Attorney-General Christian Porter today announced that Australia’s personal bankruptcy threshold will be set at $10,000.
The threshold was temporarily lifted from $5,000 to $20,000 on March 24 of this year in response to the COVID-19 pandemic. The new threshold of $10,000 will be permanent, and comes into effect on January 1, 2021, when the temporary threshold expires.
“The new permanent $10,000 threshold will ensure that Australians in financial difficulty are not made bankrupt over relatively small amounts of debt,” Attorney-General Christian Porter said.
“This also accounts for the changing value of money since the $5000 threshold was last increased in 2010, as well as changes to debt levels since that time.”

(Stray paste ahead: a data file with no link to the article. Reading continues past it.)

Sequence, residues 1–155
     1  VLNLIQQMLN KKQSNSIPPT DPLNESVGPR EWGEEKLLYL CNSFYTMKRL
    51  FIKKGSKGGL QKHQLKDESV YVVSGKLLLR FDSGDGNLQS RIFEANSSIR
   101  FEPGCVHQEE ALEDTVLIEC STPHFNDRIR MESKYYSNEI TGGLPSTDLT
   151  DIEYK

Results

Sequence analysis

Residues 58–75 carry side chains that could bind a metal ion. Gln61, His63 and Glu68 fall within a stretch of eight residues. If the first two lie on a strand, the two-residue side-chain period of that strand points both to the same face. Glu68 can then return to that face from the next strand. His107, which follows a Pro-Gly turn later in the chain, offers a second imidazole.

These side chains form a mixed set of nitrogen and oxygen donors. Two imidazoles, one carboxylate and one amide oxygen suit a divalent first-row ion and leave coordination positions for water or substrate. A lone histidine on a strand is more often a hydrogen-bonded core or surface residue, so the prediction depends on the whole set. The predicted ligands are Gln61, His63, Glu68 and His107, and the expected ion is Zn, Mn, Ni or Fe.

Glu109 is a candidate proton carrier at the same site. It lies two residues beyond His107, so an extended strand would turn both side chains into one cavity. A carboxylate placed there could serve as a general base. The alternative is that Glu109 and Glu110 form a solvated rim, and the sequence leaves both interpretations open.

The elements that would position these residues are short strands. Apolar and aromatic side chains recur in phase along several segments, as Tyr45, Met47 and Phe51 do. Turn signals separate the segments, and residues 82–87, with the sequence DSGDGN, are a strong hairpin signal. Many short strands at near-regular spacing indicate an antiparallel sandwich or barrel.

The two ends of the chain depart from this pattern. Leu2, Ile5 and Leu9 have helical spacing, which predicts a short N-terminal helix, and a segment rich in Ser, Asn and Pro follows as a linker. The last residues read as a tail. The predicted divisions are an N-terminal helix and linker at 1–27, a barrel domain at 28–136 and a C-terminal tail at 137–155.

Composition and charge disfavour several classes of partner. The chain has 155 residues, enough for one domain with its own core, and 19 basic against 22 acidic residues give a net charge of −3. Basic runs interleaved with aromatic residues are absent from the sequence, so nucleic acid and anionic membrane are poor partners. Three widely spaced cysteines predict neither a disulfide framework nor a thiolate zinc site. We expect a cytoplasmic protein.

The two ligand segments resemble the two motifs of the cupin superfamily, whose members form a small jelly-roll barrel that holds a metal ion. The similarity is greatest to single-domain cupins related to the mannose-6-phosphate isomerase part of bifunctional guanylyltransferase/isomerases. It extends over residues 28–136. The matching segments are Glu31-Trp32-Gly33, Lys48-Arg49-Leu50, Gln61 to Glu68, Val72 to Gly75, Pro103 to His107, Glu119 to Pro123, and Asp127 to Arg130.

The change to the bankruptcy threshold has been informed by consultation with stakeholders, including insolvency practitioner industry and member associations and consumer advocates.
The temporary bankruptcy measures that commenced on 24 March 2020 also increased:
- the statutory period for compliance with a bankruptcy notice from 21 days to six months, and
- the default period in which a debtor is protected from enforcement action by a creditor following presentation of a declaration of intention to present a debtor’s petition from 21 days to six months.
These temporary 6 month periods are also scheduled to cease on 31 December 2020 and will revert back to 21 days from 1 January 2021.
Authorised by Christian Porter, Liberal Party of Australia, Parliament House, Canberra.
Link to the media release can be found here.
Interested in learning more on Insolvency & Reconstruction?
Click our recent articles below to find out more: